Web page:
Desire For 'Change' Threatens Incumbents There was a time in politics when the phrase "experience counts" was considered a pretty good campaign slogan. These days experience can be a serious liability. Three Senate primaries coming up next week may say a lot about the ideological divisions within both parties. The races are in Pennsylvania, Arkansas and Kentucky.
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Desire For 'Change' Threatens Incumbents

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Desire For 'Change' Threatens Incumbents

Desire For 'Change' Threatens Incumbents

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This is MORNING EDITION from NPR News. I'm Renee Montagne.


And I'm Lynn Neary.

There was a time in politics when the phrase experience counts was considered a pretty good campaign slogan - not so anymore. These days, experience can be a serious liability. In the past several days, two incumbent members of Congress, Republican Senator Robert Bennett of Utah and Democratic Representative Alan Mollohan of West Virginia were denied their party's nomination for another term. There are more primaries on Tuesday and incumbents are once again holding their breaths.

We're joined now by our political brain trust, NPR national political correspondent Mara Liasson and political editor Ken Rudin. Good morning to you both.

MARA LIASSON: Good morning, Lynn.

KEN RUDIN: Good morning, Lynn.

NEARY: So, Mara, let's start with you. What is behind this anti-incumbent mood that's out there?

LIASSON: Well, a bad economy is one of the big things behind it. People don't like the bailouts. And you know, people have been in a mood for change for quite a while. And the same wave of change that propelled the Democrats into office over the last two election cycles is still there, and now it's being turned against them.

NEARY: And Ken, I've read that the members of Congress who have been responsible for appropriations are some of the most vulnerable. Is that right?

RUDIN: Well, absolutely. If you look at what happened to Bob Bennett in Utah and Alan Mollohan in West Virginia, both them are big on earmarks, both of them voted for TARP programs, things like that. And so the big government, the kind of stuff that would bring money into the district that John Murtha, for example, the late John Murtha of Pennsylvania talked about for so many decades in Congress, now that's a bad thing to talk about. And it's the outsiders that seem to be doing well in these primaries.

NEARY: Let's talk about Pennsylvania. First of all, Senator Arlen Specter of Pennsylvania may be the most endangered incumbent. And he was supposed to be a shoe-in, right?

RUDIN: Well, the irony is that he left the Republican Party because he was going to lose the primary there. And when he became a Democrat, he was immediately endorsed by President Obama. He was going to be the guy who was going to carry the Democrats to victory in November.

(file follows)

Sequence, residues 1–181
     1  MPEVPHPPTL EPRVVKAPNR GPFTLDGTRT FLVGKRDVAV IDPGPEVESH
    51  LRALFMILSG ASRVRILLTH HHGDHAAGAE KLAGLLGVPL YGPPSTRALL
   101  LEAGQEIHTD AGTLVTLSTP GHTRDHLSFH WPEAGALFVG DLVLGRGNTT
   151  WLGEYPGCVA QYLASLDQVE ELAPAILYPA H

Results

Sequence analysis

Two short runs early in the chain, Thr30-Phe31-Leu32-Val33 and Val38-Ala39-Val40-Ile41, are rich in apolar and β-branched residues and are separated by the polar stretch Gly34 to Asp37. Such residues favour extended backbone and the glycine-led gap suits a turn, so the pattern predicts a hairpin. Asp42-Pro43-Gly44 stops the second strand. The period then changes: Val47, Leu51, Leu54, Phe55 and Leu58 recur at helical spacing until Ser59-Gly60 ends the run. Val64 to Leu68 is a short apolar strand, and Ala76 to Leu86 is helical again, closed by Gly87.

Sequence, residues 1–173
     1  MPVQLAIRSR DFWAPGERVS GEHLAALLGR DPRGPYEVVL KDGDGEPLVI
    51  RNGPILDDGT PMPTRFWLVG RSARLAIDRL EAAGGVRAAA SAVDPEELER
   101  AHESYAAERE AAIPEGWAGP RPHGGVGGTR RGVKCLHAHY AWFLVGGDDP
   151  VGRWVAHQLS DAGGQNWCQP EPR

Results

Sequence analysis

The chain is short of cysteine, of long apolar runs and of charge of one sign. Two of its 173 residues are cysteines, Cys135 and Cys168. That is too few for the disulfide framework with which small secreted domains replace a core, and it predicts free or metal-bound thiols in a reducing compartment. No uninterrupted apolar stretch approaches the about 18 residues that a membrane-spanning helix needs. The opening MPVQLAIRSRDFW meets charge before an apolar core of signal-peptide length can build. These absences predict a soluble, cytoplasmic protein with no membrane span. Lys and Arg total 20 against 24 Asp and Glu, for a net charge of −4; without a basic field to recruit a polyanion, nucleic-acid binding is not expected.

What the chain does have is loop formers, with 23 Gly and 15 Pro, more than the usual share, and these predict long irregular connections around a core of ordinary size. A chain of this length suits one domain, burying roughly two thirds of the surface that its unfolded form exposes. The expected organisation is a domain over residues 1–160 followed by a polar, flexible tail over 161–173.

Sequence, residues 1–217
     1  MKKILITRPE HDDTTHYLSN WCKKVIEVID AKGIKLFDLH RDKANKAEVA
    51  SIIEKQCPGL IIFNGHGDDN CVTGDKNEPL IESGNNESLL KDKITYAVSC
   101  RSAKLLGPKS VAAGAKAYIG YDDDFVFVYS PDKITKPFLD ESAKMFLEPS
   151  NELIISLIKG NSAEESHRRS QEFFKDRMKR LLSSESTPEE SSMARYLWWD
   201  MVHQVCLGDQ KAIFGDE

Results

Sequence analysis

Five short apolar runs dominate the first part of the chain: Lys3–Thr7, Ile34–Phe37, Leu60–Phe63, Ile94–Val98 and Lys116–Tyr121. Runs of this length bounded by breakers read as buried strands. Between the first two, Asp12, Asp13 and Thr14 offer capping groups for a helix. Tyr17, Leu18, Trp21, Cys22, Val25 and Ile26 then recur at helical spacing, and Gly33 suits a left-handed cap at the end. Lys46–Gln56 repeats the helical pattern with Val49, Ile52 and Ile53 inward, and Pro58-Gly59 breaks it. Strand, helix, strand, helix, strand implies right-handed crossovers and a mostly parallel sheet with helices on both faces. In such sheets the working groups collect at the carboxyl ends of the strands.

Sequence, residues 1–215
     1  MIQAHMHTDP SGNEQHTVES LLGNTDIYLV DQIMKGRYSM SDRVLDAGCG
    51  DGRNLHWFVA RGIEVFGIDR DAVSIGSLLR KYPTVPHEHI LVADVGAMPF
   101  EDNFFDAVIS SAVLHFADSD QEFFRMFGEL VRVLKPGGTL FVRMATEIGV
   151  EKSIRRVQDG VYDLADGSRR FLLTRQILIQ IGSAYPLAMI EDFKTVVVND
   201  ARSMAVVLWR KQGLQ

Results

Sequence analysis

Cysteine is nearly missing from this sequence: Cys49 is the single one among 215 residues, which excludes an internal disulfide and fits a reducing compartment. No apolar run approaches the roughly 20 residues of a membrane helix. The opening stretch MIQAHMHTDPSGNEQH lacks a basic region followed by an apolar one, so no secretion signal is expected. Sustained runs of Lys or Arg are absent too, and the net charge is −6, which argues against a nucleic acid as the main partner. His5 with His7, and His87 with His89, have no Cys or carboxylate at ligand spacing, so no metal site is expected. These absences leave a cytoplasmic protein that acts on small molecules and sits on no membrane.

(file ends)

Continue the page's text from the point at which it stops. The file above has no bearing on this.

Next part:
LIASSON: Yeah, and he's in real danger of losing his primary to Congressman Joe Sestak. And Arlen Specter has really become the epitome, if not the caricature, of the opportunistic politician. When he switched parties, he was very honest. He said I couldn't get re-elected as a Republican. But being an opportunistic politician is the absolute worst thing you can be right now.

NEARY: Talking about Pennsylvania, there's a special election in Western Pennsylvania for a seat long-held by the late John Murtha. What's going on there, Ken?

RUDIN: Well, right. when John Murtha won the special election in 1974, it sent a signal to Richard Nixon and the Republicans that the GOP was in big trouble. Now, 36 years later, the Republicans would love to return the favor. The Republican, Tim Burns, is saying that, you know, the earmarks are wrong, the Obama socialism is wrong. Scott Brown, the senator from Massachusetts - who knows a thing or two about winning special elections - is campaigning for Tim Burns.

On the Democratic side, they're bringing in Bill Clinton for the Democratic candidate. His name is Mark Critz. Again, this is a Democratic district but if the Republicans can win it, it will send a signal to Democrats that November could be a big trouble for them in the general election.

NEARY: And in Kentucky, Ken, there's no incumbent running in Kentucky. Republican Senator Jim Bunning is retiring. What's the situation there?

RUDIN: Well, like Pennsylvania, it's a story about the establishment versus the outsiders. The establishment is Mitch McConnell, the Republican leader in the Senate. He is backing the Secretary of State Trey Grayson. But the outsider, the Tea Party favorite, is a doctor by the name of Rand Paul, the son of Congressman Ron Paul of Texas.

The Tea Party folks have gotten two big victories in the last couple of weeks. They've forced Charlie Crist out of the Republican Party in Florida, and they beat Bob Bennett in Utah. They would love to teach the establishment a lesson with Rand Paul in Tuesday's primary.

LIASSON: And the interesting thing there is another sitting Republican senator, Jim DeMint, who's become a kind of alternative power center to McConnell. He is endorsing Rand Paul and he's become a real force in a lot of these primaries. And Rand Paul right now is running way ahead of Trey Grayson, and it could end up being a rebuke to the Republican establishment, just like the defeat of Robert Bennett in Utah was too.

RUDIN: And Arlen Specter. If he goes out too, it's a rebuke of the Democratic establishment there.

NEARY: Thanks to both of you. Mara Liasson is NPR's national political correspondent. Ken Rudin is political editor. You can read his Political Junkie blog at Good to have you both with us.

RUDIN: Thanks, Lynn.

LIASSON: Thank you.

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